Nicky sat in shock, trying to take in what her solicitor had said. She worked her jaw a few times, but couldn’t even formulate the questions in her mind let alone her mouth.
“I know,” he said again. “I couldn’t believe it at first either. But I’ve been through everything I can find, besides just the evidence here, and I’m afraid that seems to be the truth of the matter. Any funeral expenses will be covered, however.”
Colour flooded Nicky’s face. She hadn’t even thought about that, it was almost the least of her worries. What a farce. “What now?” she said bleakly.
“If you want.”
“No, what do I do now?”
“Ah, well I can’t answer that. That’s up to you.”
She stared blankly at the papers on the desk again. “Yes, I suppose it is.” What that meant though, she hadn’t a clue. But she wasn’t going to work out any answers now. Here, in this increasingly hot and claustrophobic room. “Thank you, I think,” she said, turning to him and holding her hand out.
He stood to take it, following her lead in observing the social niceties. “I’ll be in touch about the expenses. And if anything else comes to light, of course. Will I reach you at the same address?”
Shaken, but too dazed to figure it out, “I expect so,” she replied tersely. “I don’t know where else I’d be.” And with that parting shot she swept out of his office, maintaining her dignity until she reached the privacy of her car and shut the door on the world outside. This just couldn’t be happening to her. She would wake up soon and realise it was all a bad dream.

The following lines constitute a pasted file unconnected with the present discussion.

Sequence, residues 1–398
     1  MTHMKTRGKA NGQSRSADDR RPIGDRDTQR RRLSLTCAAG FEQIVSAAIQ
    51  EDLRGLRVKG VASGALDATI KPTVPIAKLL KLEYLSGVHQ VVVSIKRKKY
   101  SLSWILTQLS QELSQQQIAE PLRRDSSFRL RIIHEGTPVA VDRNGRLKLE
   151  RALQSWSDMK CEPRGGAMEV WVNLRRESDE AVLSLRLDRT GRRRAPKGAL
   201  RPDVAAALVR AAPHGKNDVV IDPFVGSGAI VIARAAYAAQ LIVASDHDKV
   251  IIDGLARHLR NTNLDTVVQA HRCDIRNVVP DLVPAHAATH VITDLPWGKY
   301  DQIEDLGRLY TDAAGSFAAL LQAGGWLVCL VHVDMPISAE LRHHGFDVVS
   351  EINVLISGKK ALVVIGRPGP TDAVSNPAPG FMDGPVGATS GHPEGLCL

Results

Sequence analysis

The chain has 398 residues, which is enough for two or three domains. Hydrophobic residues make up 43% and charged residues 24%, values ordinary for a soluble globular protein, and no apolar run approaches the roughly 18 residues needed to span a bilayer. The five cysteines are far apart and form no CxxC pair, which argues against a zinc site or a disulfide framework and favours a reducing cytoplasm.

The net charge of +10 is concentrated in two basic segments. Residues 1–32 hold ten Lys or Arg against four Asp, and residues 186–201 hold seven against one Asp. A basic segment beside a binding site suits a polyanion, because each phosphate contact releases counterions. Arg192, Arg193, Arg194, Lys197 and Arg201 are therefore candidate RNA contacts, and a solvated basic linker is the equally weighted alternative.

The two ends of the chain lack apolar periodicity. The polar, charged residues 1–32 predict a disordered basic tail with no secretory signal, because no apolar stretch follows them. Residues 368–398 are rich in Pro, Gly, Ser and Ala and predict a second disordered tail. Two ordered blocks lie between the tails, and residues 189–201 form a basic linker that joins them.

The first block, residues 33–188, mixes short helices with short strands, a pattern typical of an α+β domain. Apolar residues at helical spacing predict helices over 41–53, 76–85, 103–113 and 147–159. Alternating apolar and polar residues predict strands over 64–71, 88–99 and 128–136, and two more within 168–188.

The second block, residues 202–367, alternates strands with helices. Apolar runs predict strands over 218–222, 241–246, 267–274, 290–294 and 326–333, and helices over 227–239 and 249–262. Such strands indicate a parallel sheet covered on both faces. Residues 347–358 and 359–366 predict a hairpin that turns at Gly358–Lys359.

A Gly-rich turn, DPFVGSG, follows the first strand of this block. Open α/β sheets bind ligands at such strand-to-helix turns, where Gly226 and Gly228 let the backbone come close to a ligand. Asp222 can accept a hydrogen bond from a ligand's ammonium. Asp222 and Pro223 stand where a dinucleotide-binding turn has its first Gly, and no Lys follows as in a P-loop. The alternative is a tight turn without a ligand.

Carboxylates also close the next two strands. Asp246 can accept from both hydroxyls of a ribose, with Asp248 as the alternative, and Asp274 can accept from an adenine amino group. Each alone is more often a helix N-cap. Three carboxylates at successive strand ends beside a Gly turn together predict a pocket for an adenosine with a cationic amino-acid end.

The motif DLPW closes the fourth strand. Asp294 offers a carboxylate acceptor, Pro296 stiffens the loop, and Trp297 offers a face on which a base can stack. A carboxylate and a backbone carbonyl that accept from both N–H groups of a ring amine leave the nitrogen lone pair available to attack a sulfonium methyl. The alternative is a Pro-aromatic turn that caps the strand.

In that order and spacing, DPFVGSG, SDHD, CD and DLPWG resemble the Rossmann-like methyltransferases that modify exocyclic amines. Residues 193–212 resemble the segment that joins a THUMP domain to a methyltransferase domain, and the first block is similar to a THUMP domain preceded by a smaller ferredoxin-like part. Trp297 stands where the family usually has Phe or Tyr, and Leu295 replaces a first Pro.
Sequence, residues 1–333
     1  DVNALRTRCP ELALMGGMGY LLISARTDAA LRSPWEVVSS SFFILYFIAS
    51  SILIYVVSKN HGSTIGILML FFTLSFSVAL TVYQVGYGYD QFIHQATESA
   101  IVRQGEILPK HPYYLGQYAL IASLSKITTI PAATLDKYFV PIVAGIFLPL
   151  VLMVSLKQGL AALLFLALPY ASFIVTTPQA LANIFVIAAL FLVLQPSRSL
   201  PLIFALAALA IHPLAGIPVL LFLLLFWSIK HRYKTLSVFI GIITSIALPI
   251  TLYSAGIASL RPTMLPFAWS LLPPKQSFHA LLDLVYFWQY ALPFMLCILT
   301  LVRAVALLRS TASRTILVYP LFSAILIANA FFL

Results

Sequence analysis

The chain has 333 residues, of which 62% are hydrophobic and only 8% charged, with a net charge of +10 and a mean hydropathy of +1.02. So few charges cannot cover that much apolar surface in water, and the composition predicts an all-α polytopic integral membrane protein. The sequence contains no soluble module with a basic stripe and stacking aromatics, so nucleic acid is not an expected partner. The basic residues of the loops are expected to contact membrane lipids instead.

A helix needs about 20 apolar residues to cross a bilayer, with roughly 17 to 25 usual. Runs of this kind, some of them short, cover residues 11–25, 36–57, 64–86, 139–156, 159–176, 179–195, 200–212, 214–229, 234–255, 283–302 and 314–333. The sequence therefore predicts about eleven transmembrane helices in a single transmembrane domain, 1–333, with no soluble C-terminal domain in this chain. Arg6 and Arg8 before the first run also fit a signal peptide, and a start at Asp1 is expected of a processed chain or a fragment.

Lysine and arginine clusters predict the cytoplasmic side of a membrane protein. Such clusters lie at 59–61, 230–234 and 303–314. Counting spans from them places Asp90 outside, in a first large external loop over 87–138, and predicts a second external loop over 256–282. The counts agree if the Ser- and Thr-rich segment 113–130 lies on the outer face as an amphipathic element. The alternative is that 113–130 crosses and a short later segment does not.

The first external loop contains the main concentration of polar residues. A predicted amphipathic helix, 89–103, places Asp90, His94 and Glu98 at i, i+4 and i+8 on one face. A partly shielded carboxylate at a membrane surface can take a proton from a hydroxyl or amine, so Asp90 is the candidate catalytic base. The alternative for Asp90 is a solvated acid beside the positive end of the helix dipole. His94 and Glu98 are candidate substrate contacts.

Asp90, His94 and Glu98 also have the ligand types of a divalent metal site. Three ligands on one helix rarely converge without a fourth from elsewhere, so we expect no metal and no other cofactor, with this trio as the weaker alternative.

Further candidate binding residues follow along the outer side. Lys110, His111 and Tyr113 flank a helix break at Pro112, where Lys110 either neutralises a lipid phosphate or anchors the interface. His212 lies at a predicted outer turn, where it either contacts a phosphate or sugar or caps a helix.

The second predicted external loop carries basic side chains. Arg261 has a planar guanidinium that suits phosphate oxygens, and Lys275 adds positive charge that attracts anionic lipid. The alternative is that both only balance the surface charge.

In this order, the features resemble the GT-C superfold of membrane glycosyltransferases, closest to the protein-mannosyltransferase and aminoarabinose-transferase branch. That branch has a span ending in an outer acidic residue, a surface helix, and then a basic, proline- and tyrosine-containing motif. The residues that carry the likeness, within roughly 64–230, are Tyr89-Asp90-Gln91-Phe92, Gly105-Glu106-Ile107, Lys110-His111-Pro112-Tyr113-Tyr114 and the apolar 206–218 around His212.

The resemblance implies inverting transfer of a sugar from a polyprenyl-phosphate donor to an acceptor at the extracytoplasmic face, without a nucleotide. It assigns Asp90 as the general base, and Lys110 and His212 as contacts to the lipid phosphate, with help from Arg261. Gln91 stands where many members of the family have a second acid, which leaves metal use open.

For the first two weeks after his death, Nicky had expected Stuart to walk in the door at any moment. She couldn’t believe his happy smile and cheery greeting were gone forever, taken from her that moment when he said he was feeling a bit funny. She was used to his absences after all; twenty odd years of living with a builder meant a lot of give and take in their relationship, and she was used to being on her own with the two girls during the week, and occasional weekends when he was working too far away and had things that needed to be finished off. She’d never known him have more than a day’s illness in all that time, certainly nothing that kept him off work. He hadn’t even said he was ill this time, just turned grey and sat down on the bench in the garden. A bit funny! It was her first aid training that made her run into the house to call the ambulance, but they had to be some of the most ridiculous last words ever uttered.
The first indication she had that something was more seriously awry was at the funeral. She had put a notice in the paper, but it was like there were two audiences at the crematorium. The one she was expecting, and one there for someone else. Thank goodness nothing was said to her there! Sophie and Hannah were too oblivious to notice anything odd, just pleased or relieved that their dad had had a decent send-off. Now, Nicky realised she had to try and keep it that way. She couldn’t shatter their illusions, like hers had been. Not without reason, or any tangible proof.
Because from what her solicitor had told her, there clearly were two Stuarts. One she thought she knew, and one a complete stranger to her. With a different life, a different job, a different family, and a different wife. Not an ex-wife who didn’t want a divorce, as Stuart had told her, but a wife he lived with when he wasn’t with Nicky. It didn’t even bear thinking about.
Nicky gave her eyes a good rub, sore but still as dry as ever, blew her nose, which wasn’t, and somehow pulled herself together enough to drive home on autopilot. It was easy driving, and she didn’t pass anyone she knew, which might have caused her to break down altogether. But after turning the engine off and getting out of the car, she realised she didn’t want to enter the house. Even the garden felt wrong to her, filled with memories as it was. Feeling numb inside, she let her legs take her where they wanted to go, which seemed to be uphill, continuing along the track that was their driveway, and then when it contoured round, further up into the woodland beyond. To where there was a rocky place, a bit of a clearing, and some larch trees. She sat down by the tallest one.